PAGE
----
Project-based Learning (PjBL) is a learning method based on the developing projects in which students plan, implement, and delivery the real world application projects, beyond the classroom.
Project-based learning (PjBL) is defined as collaborative learning in achieving final objectives (Grant, 2011; Hernández-Ramos & De La Paz, 2009). The PjBL is considered as situated learning which is based on constructivist theory. The main objective of constructive learning is to enhance student active participation and to support student motivation and self-directed learning in studying subject matters (Naingolan et al, 2020).
Good Things about PjBL
- PjBL nurturing creativity with innovative ideas, as well as other capabilities demanded by industry companies such as teamwork, leadership, and problem-solving skill.
- PBL is a highly effective means of motivating students to learn interdependently
- has the potential to enhance deeper understanding and improve efficiency in thinking as students need to acquire and use the knowledge, information, concepts, and principles that they have learned in classroom
- student participation and involvement in the PjBL demonstrates critical thinking skills and problem-solving skills.
- PjBL reveal a very complex picture which does have benefits, but to handle numerous projects could be extremely complex and the evaluation of the results is very difficult to standardize
- The perceptions of students towards subject with project often lead to chaotic and hassle to manage since the project requires students to interact with their environments including peer members.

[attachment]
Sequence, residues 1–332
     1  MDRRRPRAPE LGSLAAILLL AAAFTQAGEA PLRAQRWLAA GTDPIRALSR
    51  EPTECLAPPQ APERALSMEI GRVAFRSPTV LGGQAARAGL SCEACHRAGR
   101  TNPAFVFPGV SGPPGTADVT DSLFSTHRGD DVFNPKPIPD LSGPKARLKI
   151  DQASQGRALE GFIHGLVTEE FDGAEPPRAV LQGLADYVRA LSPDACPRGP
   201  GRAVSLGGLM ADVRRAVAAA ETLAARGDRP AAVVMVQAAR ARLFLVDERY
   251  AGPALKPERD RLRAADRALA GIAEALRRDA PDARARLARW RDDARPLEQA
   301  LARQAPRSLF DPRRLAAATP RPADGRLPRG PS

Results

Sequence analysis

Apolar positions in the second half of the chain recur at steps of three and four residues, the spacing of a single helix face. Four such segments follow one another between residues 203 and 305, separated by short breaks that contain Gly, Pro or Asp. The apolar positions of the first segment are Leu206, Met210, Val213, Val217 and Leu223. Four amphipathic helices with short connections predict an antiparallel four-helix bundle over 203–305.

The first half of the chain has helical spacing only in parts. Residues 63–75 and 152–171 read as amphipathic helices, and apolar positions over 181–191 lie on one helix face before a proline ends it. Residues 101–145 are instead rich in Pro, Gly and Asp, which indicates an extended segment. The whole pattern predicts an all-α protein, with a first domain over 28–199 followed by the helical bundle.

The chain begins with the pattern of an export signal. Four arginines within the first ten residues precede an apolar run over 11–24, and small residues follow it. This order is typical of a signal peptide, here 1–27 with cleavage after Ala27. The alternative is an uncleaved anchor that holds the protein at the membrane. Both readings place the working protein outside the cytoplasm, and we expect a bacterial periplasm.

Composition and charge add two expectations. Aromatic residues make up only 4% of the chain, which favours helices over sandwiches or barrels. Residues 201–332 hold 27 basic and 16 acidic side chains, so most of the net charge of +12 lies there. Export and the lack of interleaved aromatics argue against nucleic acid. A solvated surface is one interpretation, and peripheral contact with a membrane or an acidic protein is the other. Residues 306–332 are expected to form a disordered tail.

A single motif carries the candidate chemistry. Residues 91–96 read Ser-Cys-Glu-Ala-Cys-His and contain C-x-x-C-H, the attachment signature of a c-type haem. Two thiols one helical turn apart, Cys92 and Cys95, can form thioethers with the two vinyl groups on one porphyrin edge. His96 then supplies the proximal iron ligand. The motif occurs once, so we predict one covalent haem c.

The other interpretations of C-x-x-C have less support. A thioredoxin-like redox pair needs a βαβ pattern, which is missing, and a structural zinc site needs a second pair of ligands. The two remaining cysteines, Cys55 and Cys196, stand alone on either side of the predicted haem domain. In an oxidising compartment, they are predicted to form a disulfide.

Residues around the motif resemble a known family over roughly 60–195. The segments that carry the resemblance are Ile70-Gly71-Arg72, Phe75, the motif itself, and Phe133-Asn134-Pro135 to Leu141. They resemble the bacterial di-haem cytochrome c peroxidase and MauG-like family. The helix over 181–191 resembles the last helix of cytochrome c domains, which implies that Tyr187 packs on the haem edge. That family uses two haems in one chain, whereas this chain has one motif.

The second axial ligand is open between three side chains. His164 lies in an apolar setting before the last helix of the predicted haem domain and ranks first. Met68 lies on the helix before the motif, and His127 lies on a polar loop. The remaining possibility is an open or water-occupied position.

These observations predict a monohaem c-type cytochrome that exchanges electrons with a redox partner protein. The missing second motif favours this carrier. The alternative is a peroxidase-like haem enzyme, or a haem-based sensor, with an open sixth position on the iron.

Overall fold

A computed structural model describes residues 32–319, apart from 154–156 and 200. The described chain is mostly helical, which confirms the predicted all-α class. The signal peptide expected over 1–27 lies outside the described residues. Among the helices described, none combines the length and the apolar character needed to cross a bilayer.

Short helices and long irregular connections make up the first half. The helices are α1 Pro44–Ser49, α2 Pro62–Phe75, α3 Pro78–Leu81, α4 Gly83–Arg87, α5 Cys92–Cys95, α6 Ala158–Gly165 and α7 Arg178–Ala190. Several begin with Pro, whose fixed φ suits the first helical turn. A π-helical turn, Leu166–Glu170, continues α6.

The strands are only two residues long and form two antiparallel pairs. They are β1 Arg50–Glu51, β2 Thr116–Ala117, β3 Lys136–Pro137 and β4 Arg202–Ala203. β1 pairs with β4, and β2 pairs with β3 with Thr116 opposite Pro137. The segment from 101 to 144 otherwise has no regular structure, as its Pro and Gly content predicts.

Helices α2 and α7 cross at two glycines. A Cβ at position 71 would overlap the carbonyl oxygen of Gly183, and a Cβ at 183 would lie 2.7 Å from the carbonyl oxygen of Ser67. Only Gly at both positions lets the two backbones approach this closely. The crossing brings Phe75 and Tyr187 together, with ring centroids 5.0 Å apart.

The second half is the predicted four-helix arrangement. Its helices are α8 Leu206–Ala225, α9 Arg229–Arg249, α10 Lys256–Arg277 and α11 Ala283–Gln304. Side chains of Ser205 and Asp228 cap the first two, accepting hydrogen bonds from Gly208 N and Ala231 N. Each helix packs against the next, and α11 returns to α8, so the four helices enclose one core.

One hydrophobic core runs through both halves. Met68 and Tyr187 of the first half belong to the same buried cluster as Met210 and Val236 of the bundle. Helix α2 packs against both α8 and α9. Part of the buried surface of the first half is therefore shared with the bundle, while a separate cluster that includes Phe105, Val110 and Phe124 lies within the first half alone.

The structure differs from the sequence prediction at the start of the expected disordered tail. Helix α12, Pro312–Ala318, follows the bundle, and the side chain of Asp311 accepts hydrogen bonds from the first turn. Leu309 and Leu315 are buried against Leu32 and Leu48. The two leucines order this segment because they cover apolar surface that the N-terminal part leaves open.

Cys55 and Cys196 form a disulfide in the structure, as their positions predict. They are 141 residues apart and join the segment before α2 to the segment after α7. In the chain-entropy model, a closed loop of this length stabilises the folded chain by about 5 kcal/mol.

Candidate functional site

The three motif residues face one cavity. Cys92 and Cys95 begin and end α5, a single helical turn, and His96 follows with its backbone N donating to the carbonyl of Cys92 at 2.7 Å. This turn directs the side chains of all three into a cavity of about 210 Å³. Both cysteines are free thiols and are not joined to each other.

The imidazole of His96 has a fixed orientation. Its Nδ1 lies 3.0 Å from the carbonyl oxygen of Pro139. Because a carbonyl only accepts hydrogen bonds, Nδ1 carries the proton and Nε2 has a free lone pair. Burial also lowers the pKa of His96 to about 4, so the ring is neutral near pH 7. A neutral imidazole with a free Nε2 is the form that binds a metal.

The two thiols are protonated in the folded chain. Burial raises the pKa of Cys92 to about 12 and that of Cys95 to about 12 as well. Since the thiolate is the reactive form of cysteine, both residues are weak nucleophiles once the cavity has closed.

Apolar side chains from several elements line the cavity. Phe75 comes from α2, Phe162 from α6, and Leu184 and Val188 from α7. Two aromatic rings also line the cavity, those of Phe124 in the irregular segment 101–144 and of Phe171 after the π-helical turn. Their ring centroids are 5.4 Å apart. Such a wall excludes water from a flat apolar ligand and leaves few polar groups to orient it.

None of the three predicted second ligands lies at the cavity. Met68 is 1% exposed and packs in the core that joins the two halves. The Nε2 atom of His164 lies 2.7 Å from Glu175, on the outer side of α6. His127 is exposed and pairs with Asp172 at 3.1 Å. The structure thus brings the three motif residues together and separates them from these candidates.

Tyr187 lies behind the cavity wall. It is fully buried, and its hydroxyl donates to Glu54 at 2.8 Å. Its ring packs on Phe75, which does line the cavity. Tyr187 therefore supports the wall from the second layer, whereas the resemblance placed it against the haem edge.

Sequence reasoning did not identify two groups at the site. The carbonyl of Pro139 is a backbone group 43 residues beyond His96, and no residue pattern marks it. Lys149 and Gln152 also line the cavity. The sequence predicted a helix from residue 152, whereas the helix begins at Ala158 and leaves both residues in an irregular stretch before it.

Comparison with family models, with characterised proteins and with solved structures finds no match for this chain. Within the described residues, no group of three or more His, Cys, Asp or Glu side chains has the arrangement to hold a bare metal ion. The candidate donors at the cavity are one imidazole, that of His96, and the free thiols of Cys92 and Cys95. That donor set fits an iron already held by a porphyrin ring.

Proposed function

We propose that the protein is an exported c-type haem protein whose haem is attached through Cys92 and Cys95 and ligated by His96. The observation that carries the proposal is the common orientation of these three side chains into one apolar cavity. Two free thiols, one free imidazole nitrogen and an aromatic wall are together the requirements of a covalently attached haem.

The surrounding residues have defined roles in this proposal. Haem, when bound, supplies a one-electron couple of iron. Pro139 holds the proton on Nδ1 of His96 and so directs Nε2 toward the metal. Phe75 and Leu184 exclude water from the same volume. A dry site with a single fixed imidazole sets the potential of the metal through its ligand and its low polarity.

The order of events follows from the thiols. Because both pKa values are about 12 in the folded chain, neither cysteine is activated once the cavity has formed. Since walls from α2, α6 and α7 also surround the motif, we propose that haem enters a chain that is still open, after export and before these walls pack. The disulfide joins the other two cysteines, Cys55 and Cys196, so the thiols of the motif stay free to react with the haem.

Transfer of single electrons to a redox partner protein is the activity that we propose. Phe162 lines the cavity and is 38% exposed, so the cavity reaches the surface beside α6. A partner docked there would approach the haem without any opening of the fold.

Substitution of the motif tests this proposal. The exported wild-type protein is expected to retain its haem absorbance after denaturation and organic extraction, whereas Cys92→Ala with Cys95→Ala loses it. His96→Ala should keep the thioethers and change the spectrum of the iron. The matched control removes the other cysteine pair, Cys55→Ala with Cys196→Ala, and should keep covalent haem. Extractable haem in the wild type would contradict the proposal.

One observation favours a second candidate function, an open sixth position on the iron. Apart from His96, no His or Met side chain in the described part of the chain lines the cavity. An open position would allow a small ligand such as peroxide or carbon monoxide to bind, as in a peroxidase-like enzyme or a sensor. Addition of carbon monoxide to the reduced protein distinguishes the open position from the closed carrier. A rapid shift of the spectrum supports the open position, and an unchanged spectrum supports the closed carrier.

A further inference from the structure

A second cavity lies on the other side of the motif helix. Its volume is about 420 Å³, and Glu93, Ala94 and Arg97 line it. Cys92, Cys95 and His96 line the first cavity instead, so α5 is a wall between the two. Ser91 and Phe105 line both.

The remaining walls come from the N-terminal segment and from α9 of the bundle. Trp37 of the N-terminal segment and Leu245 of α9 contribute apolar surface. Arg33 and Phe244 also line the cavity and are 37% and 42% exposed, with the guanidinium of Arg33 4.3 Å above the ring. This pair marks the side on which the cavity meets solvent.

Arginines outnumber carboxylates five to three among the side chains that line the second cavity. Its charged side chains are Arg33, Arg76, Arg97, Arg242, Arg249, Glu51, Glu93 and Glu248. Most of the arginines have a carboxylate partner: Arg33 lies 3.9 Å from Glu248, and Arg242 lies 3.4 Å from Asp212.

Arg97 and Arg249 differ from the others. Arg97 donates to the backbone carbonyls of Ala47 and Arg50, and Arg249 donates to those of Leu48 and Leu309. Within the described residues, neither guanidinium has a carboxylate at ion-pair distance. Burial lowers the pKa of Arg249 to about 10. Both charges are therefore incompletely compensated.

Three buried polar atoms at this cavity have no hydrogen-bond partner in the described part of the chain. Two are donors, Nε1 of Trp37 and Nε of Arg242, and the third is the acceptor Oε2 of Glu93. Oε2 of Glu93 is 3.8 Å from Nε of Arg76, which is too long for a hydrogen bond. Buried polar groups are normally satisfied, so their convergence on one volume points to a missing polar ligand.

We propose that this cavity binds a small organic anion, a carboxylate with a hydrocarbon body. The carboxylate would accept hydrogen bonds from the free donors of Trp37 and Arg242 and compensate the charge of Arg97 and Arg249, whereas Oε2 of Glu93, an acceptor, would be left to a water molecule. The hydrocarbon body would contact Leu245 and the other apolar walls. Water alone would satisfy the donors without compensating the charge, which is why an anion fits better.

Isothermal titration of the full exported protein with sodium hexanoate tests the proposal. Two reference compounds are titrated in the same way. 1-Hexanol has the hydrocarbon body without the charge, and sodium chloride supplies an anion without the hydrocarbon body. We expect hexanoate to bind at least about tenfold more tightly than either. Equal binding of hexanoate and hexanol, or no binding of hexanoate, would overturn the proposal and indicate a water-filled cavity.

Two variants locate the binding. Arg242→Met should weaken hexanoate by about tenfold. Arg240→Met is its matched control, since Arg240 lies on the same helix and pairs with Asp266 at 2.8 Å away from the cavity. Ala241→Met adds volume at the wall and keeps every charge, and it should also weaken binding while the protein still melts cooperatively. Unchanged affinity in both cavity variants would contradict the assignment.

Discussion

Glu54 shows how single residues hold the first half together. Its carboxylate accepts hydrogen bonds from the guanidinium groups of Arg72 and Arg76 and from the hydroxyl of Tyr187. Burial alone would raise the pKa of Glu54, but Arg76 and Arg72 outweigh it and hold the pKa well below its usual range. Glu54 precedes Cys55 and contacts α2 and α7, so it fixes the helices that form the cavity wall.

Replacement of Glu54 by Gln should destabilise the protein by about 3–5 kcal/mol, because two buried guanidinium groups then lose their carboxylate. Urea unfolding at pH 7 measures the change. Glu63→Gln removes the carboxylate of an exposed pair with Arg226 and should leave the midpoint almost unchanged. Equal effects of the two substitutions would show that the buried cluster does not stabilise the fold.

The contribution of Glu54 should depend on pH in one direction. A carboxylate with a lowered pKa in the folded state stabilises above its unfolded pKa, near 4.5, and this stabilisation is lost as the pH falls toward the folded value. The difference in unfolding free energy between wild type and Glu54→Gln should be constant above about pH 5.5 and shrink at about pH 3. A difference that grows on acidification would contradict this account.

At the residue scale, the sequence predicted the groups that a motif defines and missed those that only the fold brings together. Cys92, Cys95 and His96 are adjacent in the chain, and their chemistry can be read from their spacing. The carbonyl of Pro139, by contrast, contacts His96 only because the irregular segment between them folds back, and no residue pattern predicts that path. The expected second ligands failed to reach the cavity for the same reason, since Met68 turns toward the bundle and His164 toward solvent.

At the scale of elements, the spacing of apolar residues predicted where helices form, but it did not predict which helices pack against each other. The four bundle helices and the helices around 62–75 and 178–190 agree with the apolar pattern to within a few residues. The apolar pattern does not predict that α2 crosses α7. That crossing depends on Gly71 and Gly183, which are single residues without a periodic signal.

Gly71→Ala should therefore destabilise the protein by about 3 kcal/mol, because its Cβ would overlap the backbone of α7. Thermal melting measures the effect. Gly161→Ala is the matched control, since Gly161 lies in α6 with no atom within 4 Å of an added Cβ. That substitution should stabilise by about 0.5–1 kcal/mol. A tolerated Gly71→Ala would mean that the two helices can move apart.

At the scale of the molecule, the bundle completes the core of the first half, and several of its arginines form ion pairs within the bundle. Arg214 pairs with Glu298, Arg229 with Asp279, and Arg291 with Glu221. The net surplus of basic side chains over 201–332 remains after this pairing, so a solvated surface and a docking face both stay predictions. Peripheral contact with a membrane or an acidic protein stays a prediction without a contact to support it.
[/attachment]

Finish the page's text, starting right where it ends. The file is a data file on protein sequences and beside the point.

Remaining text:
The difference between Problem Based Learning and Project Based Learning
- Project-based learning is often multidisciplinary and longer, whereas problem based learning is more likely to be a single subject and shorter. Generally, project-based learning follows general steps while problem-based learning provides specific steps. Importantly, project-based learning often involves authentic tasks that solve real-world problems while problem-based learning uses scenarios and cases that are perhaps less related to real life (Larmer, 2014).
Ahmad Zukarnain, Z., Wan Husain, W. S., Che Hassan, S. H., Nik Kamaruzaman, N. N., Mohd Zin, N. A., & Wan Aziz, W. A. H. (2020). Examining students’ aptitude using project-based learning through university-industry collaboration. Paper presented at the Journal of Physics: Conference Series, , 1496(1) doi:10.1088/1742-6596/1496/1/012013 Retrieved from www.scopus.com
Domínguez C and Jaime A 2017 Database Design Learning : A Project-based Approach Organized through a Course Management System, Comput. Educ., 55, no. 3, pp. 1312–1320.
Larmer, J. (2014). Project-based learning vs. problem-based learning vs. X-BL. Retrieved from http://www.edutopia.org/blog/pbl-vs-pbl-vs-xbl-john-larmer
Nainggolan, B., Hutabarat, W., Situmorang, M., & Sitorus, M. (2020). Developing innovative chemistry laboratory workbook integrated with project-based learning and character-based chemistry. International Journal of Instruction, 13(3), 895-908. doi:10.29333/iji.2020.13359a
Pucher and M. Lehner, Project Based Learning in Computer Science – A Review of More than 500 Projects. Procedia – Social and Behavioral Sciences, 29, pp.1561-1566, 2011.